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Rolling the dice or political savvy? What an early election could mean for Brexit

By Patrick Ercolano, CFA, MBA
Portfolio Manager

Earlier this year, I visited London, U.K. to meet with some of MD’s research providers (and enjoy some traditional English fish and chips). I was looking for local views on the political and economic climate after last year’s Brexit vote. While my meetings were helpful, I got equally valuable insights from my conversation with a taxi driver on the way back to the airport.

A local’s viewpoint

My cab driver friend was adamant that leaving the European Union will ultimately have little impact on his day to day life. He believes that the U.K.’s new capacity to make its own decisions will far outweigh the benefits of being part of the EU and will allow the country to stop paying for services they don’t need. Whether he’s right or wrong remains to be seen, but I love those insightful cab conversations—nothing beats local opinion.

A strong mandate could provide more negotiating power

Britain saw more political disruption this week as Prime Minister Theresa May threw her cards on the table, calling for a snap election to be held on June 8 of this year. Members of the British Parliament voted in favour of the plan with a 522 to 13 vote.  

Why call an election now, when May is already prime minister and her Conservative party holds a large majority of seats over its closest rival, the Labour party? May was elected by her Conservative colleagues after her predecessor, David Cameron, was forced to resign after the Brexit win. She’s now gambling that an election by the people will give her a majority government mandate and more negotiation power against the EU.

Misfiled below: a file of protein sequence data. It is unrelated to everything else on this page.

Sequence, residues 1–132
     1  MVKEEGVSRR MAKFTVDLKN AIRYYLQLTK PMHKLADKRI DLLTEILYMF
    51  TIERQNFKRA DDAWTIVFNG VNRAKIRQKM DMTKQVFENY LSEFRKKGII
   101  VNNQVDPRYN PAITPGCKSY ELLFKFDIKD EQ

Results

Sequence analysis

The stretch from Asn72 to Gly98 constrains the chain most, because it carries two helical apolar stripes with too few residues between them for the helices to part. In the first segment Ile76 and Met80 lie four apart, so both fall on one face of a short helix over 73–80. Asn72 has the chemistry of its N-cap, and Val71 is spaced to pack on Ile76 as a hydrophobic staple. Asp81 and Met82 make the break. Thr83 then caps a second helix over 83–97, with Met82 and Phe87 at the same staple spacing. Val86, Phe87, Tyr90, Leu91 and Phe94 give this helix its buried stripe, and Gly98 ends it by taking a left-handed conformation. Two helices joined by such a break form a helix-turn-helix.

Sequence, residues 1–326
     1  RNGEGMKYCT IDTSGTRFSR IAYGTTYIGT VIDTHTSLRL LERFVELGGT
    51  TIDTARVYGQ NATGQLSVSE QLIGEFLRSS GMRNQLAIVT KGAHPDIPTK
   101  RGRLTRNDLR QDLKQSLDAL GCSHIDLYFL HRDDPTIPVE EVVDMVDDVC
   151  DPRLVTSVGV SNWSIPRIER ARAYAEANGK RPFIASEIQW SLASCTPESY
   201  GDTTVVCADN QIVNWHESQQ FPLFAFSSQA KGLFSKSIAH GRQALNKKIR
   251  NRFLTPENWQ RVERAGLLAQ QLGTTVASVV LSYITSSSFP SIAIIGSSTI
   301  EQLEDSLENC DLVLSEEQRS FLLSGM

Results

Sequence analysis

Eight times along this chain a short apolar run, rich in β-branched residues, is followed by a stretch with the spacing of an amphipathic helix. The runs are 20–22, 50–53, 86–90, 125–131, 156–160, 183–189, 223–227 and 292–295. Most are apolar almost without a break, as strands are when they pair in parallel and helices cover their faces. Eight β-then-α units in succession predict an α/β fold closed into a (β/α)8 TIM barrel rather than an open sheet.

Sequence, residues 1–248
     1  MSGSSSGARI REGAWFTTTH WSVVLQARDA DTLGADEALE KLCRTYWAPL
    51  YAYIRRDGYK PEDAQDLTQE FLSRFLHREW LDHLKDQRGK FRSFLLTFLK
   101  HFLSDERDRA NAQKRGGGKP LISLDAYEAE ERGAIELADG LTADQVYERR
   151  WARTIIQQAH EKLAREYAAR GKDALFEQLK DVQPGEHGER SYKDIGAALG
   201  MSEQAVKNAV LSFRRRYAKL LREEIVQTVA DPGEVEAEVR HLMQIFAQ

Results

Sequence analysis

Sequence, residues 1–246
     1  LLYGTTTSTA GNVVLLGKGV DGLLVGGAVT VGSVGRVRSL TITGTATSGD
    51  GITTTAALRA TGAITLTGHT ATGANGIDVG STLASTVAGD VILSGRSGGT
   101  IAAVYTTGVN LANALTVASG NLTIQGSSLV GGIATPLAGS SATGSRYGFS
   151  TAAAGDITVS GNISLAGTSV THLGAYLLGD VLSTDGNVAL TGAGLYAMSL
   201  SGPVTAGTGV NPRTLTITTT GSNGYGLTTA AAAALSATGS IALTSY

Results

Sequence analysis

Political gamble or political smarts?

The climate seems right for a strong Conservative victory. On April 19, the polls showed that May’s Conservative party had a 21% lead over the Labour party. Polls can be unreliable at times, but a 21% lead seems a fair bet for victory.

A May-led administration would be expected to govern until 2022, which could reduce the chances of a more abrupt, disruptive U.K. withdrawal from the EU.

Mondrian Investment Partners, our asset manager on the MD International Value Fund, believes an election that results in a Conservative majority should be positive for British businesses, domestic stocks and currency, and likely the U.K. equity market as a whole. Mondrian holds an overweight position in the U.K. compared to the MSCI EAFE Index and has recently added more domestically focused companies like the home improvement retailer Kingfisher and Lloyds, the retail bank.

Is May’s decision really rolling the dice, or is it politically astute? We won’t know until after June 8, but I would vote on the side of political savvy.

We invest in secure sectors

Regardless of the election outcome, MD’s investment approach and portfolio positioning in the U.K. remains consistent. We prefer to invest in high-quality, market-leading companies that possess the financial and strategic strengths to flourish as others falter.

One example is Compass Group, a British contract food service provider held in our MD International Value Fund. With a diverse, global revenue base consisting of guaranteed customers such as schools, hospitals and long-term care homes, this firm has an established track record of resilience during economic downturns. It’s also the parent company of the group that operates MD’s head office cafeteria – so I can vouch for its success!

Once again, it’s up to the Brits

While I expect the Tories to get their larger majority, May will face significant challenges over the next two years of Brexit negotiations. In leaving the EU and seeking complete sovereignty, the U.K. will need to give up some advantages of having been part of a European economic bloc.

“Now is the time for the country to decide,” May concluded in her surprise election announcement. On June 8 it will.